Why congresspeople fear to cross the lobby

From a website that covers the special Senate election in Massachusetts [Emphasis mine]:

Addressing members of Temple Beth Am in Framingham today, U.S. Senate candidate Scott Brown criticized U.S. Representative Mike Capuano for his failure to support a 2008 resolution by the U.S. House of Representatives condemning Hamas for rocket attacks against Israel.
In a press release issued Sunday afternoon, The Brown campaign reported that the U.S. House adopted Resolution 951 “condemning the ongoing Palestinian rocket attacks on Israeli civilians by Hamas and other Palestinian terrorist organizations” on March 5, 2008. The measure passed 404-1.
According to the Brown campaign, "Congressman Capuano voted ‘present’ on the resolution, refusing to take a stand on an issue of critical national security for the state of Israel."
Added Brown, “I will never vote ‘present’ when it comes to the war on terror.

The good news is Brown has no chance (although Capuano really doesn’t either — Martha Coakley is the runaway favorite). Still….interesting to see how these kinds of votes get used in campaigns. Why vote No or Present on an AIPAC resolution — all it does is open you up to an attack like this. Also shows how wedded the GOP has become to the Israeli line.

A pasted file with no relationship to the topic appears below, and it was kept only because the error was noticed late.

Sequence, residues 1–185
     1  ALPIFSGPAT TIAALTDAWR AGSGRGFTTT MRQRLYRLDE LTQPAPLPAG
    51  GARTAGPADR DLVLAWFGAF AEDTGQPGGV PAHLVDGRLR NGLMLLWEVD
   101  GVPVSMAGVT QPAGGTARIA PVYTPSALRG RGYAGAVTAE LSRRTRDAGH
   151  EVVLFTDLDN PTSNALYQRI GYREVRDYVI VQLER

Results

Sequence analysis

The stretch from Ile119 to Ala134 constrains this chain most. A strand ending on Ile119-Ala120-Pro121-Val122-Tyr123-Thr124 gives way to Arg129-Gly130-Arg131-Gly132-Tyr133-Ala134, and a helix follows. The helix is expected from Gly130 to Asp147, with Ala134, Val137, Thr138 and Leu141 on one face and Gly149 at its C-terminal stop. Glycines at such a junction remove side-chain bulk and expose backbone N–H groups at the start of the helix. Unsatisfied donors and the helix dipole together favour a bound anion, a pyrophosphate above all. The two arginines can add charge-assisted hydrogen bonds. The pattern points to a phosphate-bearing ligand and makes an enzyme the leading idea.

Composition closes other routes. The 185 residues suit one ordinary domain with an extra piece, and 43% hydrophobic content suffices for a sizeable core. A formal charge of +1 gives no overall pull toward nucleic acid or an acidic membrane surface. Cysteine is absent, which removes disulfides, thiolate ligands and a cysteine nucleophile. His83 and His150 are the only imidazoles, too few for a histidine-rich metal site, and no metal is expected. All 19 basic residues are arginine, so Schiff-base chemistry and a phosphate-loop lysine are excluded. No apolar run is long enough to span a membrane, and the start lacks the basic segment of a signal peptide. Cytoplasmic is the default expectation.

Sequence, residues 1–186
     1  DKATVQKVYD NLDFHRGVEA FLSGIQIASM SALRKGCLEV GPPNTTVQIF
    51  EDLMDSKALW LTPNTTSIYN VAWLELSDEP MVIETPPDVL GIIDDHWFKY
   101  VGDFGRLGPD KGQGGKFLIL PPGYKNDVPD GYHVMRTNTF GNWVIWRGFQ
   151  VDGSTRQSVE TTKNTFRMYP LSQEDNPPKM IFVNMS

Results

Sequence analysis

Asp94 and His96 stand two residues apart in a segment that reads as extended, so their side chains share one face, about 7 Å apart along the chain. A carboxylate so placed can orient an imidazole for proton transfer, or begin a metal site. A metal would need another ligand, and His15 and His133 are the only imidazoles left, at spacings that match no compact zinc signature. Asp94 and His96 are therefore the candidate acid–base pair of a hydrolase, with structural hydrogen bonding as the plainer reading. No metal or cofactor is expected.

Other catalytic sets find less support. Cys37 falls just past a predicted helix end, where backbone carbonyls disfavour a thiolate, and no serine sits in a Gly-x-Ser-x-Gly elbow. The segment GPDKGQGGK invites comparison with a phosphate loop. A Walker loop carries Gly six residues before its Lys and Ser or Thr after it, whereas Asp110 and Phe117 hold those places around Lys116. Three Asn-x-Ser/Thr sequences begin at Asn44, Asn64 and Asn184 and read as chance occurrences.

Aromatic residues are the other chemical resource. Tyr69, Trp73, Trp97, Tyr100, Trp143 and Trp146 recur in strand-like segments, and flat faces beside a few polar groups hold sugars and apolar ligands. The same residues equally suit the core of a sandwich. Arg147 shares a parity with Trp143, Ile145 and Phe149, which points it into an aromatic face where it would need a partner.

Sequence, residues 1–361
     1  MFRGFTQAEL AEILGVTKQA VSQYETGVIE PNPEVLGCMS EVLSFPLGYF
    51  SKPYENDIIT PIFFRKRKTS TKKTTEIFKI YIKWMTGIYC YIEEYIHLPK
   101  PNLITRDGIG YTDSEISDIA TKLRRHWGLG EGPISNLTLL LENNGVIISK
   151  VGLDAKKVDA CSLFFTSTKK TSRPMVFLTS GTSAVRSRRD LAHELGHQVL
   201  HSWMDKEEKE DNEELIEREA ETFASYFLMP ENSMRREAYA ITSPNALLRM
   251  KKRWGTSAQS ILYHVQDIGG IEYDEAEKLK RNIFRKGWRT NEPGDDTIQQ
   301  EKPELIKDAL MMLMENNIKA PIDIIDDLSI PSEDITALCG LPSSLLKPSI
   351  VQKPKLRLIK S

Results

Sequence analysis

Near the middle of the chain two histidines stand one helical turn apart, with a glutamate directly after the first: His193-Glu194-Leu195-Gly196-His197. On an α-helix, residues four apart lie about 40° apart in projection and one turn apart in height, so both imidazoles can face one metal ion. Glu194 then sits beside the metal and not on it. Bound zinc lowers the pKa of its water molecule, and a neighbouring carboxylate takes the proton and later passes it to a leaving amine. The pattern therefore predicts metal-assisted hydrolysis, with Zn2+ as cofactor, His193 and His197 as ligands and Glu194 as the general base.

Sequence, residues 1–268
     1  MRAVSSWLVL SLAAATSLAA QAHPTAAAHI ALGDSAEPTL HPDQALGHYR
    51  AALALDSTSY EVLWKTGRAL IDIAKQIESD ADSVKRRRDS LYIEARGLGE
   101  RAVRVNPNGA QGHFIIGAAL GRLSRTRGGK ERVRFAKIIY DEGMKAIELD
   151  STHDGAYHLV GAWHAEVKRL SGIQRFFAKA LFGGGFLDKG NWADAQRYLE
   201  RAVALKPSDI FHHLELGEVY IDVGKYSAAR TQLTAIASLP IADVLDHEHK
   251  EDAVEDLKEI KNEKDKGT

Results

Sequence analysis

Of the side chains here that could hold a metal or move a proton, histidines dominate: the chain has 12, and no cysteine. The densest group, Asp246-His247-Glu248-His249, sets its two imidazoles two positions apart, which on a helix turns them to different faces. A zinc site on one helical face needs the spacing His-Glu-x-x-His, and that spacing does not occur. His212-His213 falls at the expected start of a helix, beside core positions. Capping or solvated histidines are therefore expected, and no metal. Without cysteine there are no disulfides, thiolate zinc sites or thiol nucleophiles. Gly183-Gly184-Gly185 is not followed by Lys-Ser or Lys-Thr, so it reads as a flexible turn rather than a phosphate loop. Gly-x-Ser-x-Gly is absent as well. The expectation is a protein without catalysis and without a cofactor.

Posted in Israel Lobby

{ 11 comments... read them below or add one }

  1. Kathleen says:

    Why congress people fear crossing the lobby.

    Paul Findlay, Cynthia McKinney…Senator Fulbright…Kennedy

  2. potsherd says:

    The Dems are just as wedded to the Israeli line – if not more so.

  3. Nolan says:

    Also shows how wedded the GOP has become to the Israeli line

    .

    That’s odd considering how both the Republicans and the Democrats have been wedded to the Israeli line for decades.

  4. Nolan says:

    Added Brown, “I will never vote ‘present’ when it comes to the war on terror.

    Well, at least he recognizes the difference between the two.

  5. Its a valid point to highlight an opponents voting record.

    If that voting record does not represent the sentiments of the constituency, then that should be a factor in citizens’ decisions.

    • Colin Murray says:

      If “its a valid point to highlight an opponents voting record”, then is it ok to highlight the dual loyalty of the opponent’s campaign donors and constituency (but I repeat myself), who prefer that their politician subordinate the interests of the vast majority of American citizens to send and spend a steady stream of American lives and tax dollars to support a viciously racist regime bent on ethnic cleansing and colonization in stark opposition to American values and security interests? (apologies for run-on sentence)

    • It’s also valid to point out that gung-ho Zionists are a tiny minority with disproportionate wealth and power. I think the point should be made more often.

      If there were a nation-wide plebiscite today on America’s annual $3 billion donation to Israel, the U.S. would have an extra $3 billion to spend next year.

      Luckily for Zionists, Americans don’t have any say in American foreign policy. Richard sure seems content the status quo.

  6. David Samel says:

    As already pointed out, perhaps the recent Goldstone vote, in which 58 reps voted either no or present, represents a new dawn. The more who join, the more difficult it is to target everyone. Safety in numbers.

  7. BluePearl says:

    inside the british israeli lobby expose